Although his presence on stage lasted a mere 35 minutes, Steven Isserlis’ passionate and improvisatory reading of Dvořák’s Cello Concerto in B minor served as the saving grace for the otherwise lacklustre programme of the evening, which also featured “Vltava” from Smetana’s Má Vlast and Tchaikovsky’s Swan Lake Suite, played unevenly by Milli Reasurans Chamber Orchestra under the direction of Hakan Şensoy.

Steven Isserlis © Satoshi Aoyagi
Steven Isserlis
© Satoshi Aoyagi

Şensoy’s eye for rhythmic precision was obvious right from the opening notes of “Vltava”. The opening murmurs of the flutes and the clarinets (two sections that, incidentally, deserved the highest praise throughout the evening) were directed to raise from the depths in perfect unison to culminate towards the famous main theme of the movement. Now, MRCO is not an orchestra that I am very familiar with, but although they are quite sizeable for a chamber ensemble, the sound that they derived from their instruments sounded tiny (and when pushed by the conductor for more punch, for example in the Forest Hunt, hoarse). The Wedding Dance and the Rapids were salvaged by Şensoy’s timely gestures for unity while the woodwinds carried the Moonlight section to a satisfactory level. There was, however, a general air of ineffectuality within the orchestra that was difficult to ignore.

Dvořák’s Cello Concerto, the centerpiece of the evening, featured a fittingly romantic performance by Steven Isserlis. A soloist’s greatest challenge for the piece, I’m assuming, has nothing to do with the technical demands that Dvořák has put forth. The Concerto is not a bravura work and has only fleeting moments of virtuosity. Instead, what separates a good performance from a dull one here has to be in the musician’s ability to come up with fresh ways to present the main theme in its countless reincarnations during the first movement. Dvořák treats his short but hard-hitting theme like an idée fixe which echoes in various parts of the orchestra and the cello. With a less competent cellist, the music may sound too repetitive. Isserlis, however, employed carefully designed ploys as to timings, dynamics and ornamentations to keep the excitement and the fortitude at a high level. He played his solo sections with varying degrees of intensity to deliver a presentation that suited the composer’s dramatic ambitions. The Adagio we heard was sweet and yearning, thanks to excellent breath-work from the woodwind section -the flutes in particular, complimenting Isserlis’ soft bowing. I wish the strings and the brass could have delivered their parts with equal proficiency during the orchestral punches that intervene in the movement’s lyrical passages.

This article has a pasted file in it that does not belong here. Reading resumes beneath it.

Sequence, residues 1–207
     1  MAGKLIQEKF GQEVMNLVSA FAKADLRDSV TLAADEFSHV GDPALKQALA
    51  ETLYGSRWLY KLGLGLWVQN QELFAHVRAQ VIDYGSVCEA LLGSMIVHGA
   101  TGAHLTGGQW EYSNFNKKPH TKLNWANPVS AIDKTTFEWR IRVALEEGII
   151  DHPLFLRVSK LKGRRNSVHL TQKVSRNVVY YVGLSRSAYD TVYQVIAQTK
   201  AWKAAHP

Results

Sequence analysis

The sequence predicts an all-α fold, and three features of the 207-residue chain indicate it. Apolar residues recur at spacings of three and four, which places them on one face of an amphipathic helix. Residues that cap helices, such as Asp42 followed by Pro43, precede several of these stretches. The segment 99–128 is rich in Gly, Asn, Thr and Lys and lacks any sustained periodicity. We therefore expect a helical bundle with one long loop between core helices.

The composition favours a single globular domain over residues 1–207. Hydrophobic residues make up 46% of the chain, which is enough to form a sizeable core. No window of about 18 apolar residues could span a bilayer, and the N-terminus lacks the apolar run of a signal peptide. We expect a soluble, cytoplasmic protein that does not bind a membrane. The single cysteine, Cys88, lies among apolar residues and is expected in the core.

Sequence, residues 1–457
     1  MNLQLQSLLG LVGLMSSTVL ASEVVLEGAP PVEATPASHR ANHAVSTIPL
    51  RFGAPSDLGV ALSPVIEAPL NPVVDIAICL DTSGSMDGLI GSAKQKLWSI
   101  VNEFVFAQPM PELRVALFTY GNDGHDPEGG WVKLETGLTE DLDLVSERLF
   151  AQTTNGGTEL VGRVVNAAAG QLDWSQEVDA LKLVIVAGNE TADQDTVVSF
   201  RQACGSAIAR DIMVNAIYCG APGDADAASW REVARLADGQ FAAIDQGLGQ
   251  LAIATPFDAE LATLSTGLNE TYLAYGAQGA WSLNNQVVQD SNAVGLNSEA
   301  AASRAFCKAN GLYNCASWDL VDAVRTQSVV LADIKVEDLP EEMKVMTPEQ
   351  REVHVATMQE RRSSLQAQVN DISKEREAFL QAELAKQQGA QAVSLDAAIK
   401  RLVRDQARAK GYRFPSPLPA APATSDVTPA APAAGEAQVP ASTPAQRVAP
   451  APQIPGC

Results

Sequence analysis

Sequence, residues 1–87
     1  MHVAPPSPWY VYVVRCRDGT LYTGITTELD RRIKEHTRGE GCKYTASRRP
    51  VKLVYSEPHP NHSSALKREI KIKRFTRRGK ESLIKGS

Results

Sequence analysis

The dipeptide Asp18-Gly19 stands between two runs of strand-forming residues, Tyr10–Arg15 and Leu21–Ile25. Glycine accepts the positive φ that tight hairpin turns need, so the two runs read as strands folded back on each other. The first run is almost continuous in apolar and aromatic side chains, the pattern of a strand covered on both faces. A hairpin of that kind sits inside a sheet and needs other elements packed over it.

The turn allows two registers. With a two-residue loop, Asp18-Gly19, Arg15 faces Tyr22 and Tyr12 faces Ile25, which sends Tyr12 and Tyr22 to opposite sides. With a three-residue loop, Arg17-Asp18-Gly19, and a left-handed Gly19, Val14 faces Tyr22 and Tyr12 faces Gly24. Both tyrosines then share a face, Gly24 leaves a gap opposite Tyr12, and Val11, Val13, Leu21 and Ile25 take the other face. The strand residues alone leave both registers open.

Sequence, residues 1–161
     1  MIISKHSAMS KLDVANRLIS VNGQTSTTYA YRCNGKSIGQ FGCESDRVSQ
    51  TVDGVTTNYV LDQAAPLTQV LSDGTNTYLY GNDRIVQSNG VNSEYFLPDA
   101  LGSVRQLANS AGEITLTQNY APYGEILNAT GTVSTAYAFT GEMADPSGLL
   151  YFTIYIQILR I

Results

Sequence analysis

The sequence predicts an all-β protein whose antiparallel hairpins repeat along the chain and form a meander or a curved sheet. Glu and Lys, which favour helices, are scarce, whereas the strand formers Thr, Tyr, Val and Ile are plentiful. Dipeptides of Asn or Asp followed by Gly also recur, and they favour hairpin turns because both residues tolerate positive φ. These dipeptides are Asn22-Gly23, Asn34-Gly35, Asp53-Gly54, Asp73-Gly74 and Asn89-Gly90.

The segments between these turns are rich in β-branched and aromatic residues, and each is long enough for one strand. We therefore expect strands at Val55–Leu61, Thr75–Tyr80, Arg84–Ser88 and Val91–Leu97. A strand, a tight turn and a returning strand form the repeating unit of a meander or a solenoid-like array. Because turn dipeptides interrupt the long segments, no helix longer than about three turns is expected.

The evening ended within the safety net that is Tchaikovsky’s Swan Lake Suite. Though the orchestral sound continued to prove barely adequate, the composer’s dance movements were played in strict precision with Şensoy’s tight grip on the beat. Of course, the work’s playful moments suffered a little, prominently during the Waltz, as a result.

Overall, while the risk-free programme mainly consisted of crowd-pleasing music that was easy on the ears and offered very little challenge for the audience, Steven Isserlis’ performance managed to make it a worthwhile evening.